Project for CME 323: Distributed Algorithms and Optimization
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barista
caffe @ 51d4164
figs
gamesim
models
param-server
results
slides
test
viz
.gitignore
.gitmodules
323-qns.txt
LICENSE
README.md
ddq.py
expgain.py
main.py
q_convergence.py
replay.py

README.md

Distributed Deep Q Learning

Getting Started

A slightly out-of-date version of Caffe is included as a submodule in this project, with a few modifications to the pycaffe interface. The easiest way to get up and running with Distributed Deep Q is to use this submodule.

Using the submodule

If you cloned the project with the --recursive flag, all of the Caffe source files should be in the caffe sub-directory. Otherwise, it'll be empty and you should do the following:

git submodule init; git submodule update;

Then follow the instructions at http://caffe.berkeleyvision.org/installation.html to build Caffe and pycaffe.

Installing Redis, and Celery

Redis is a nosql db and Celery is a task scheduling queue for executing jobs in different threads.

pip install -U celery[redis]

redis_collections

This module is used for storing dictionary objects in redis for Python

pip install redis_collections

Local Testing

Without Spark

[In a separate terminal] Start a Redis server instance.

redis-server

[In a separate terminal] Spawn Celery worker

cd param_server
celery -A tasks worker --loglevel=info

[In a separate terminal] Fire up the parameter server.

python param-server/server.py models/deepq/solver.prototxt --reset

[In a separate terminal] Start the Barista application with

python main.py models/deepq/train_val.prototxt models/deepq/deepq16.caffemodel [--debug]

The debug flag is optional; it will print some information about the parameter and gradient norms. Finally, you may simulate a request from a Spark executor by running the dummy client from the Barista package:

python -m barista.dummy_client

With Spark

Environment

Each worker machine must have Caffe installed (preferably in the same location) for Distributed Deep Q to work properly. Alternatively, if your workers are sufficiently homogenous, you can build the distribution version of Caffe on the driver, and send this to the workers when submitting the job.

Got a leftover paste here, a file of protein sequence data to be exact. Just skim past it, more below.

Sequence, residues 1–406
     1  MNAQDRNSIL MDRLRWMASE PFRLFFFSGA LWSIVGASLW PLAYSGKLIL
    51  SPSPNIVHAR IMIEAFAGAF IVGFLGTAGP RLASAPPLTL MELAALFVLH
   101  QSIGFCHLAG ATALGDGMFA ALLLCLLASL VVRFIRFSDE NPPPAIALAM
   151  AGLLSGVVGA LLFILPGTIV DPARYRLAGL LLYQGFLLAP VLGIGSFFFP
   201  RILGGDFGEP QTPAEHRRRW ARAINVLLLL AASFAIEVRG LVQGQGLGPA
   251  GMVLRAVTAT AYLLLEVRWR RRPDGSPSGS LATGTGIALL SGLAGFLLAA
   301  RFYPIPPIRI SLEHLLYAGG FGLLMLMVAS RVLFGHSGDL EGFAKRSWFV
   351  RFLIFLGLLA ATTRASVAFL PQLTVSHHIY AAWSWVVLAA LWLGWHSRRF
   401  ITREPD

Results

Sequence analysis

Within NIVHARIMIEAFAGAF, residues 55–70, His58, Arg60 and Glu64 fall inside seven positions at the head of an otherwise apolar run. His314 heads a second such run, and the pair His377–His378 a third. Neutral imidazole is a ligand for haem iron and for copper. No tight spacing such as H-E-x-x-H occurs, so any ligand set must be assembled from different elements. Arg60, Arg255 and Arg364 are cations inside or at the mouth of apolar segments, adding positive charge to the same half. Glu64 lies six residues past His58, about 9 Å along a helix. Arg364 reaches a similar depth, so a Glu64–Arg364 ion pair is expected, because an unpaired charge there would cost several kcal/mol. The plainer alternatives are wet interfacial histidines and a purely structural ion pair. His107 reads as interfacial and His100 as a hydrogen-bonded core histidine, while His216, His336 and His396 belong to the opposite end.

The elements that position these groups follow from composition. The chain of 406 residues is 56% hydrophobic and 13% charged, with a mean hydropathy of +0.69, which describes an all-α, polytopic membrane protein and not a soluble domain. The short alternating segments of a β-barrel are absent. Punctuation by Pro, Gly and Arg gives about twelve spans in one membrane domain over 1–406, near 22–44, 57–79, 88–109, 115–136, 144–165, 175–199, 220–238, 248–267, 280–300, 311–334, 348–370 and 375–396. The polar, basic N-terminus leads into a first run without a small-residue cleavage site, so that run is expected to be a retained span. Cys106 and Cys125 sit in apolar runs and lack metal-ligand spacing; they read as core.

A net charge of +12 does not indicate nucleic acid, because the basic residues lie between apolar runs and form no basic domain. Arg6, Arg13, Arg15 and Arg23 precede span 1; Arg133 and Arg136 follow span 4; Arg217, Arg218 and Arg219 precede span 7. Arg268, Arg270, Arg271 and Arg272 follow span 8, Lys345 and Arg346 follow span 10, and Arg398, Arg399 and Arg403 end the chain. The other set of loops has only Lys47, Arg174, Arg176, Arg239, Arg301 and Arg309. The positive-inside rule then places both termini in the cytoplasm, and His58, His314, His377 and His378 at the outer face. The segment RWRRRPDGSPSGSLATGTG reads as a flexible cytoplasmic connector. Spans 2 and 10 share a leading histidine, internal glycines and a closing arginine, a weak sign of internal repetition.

In any case, be sure that each worker's PYTHONPATH includes the caffe/python directory. The driver should also have a proper Caffe installation.

Start Celery worker in a seperate terminal,

cd param_server
celery -A tasks worker --loglevel=info

Fire up the redis and parameter servers,

redis-server
python param-server/server.py models/deepq/solver.prototxt --reset

Submitting the job

We can now run the application using spark-submit. We will need to include the following python files/packages with the job submission:

  • main.py
  • replay.py
  • expgain.py
  • gamesim.zip
  • barista.zip

And the following non-python files:

  • models/deepq/train_val.prototxt
  • models/deepq/deepq16.caffemodel
  • models/deepq/solver.prototxt

You can create the zipped python packages using

zip barista barista/*.py
zip gamesim gamesim/*.py

Then submit the ddq.py script using spark-submit:

./spark-submit --master local[*] --files models/deepq/train_val.prototxt,models/deepq/solver.prototxt,models/deepq/deepq16.caffemodel --py-files barista.zip,gamesim.zip,expgain.py,replay.py,main.py ddq.py 

We could also add caffe.zip for --py-files in aws. But in a local setting it's not needed.

Common Errors

  • socket.error: [Errno 99] Cannot assign requested address. If there is a complaint about "localhost" in the message, check your /etc/hosts file and make sure the line "127.0.0.1 localhost" is present.

  • Output of spark-submit hangs. Check logs/barista.log. If its the error: "socket.error: [Errno 98] Address already in use" then use:

      netstat -ap | grep 50001
    

    And see if any processes (pids will be listed as well) are listening on that port. If the status is LISTENING, try killing the process with

      kill -9 <pid>
    

    Then try spark-submitting again. If the status is TIME_WAIT, just wait a bit and call netstat again.

TODOs

  • [PARAM-SERVER] Reject gradient updates if too stale. (Or, I have a better idea! It's like adagrad for asynchronous updates. Need to work out details rigorously, but basic idea is that you have an adaptive scaling that is inversely proportional to the deviation in the parameter value from when you used it to what it is now. Takes up extra O(K*D) space on the driver where K is the number of machines and D is the size of the model. Takes an extra O(D) time to compute an update. Proof of effectiveness seems like it would involve a Lipschitz constant.)
  • [MONITORING] Add display of the metrics from the previous point to the babysitting dashboard.
  • [SPARK] Implement wrapper class(es) for easy use from within Spark.
  • [BARISTA] Switch to shared memory implementation.
  • [BARISTA] Remove Barista's dependence on a .caffemodel argument in the initializer. It should be able to start directly from a solver.prototxt.
  • [MONITORING] Visualize weights for first layer filters.
  • [DDQ] Test a single-process version of the ddq application by spawning a Barista object inside the train_partition function, rather than using Popen. (Tried this, it broke)

Open Questions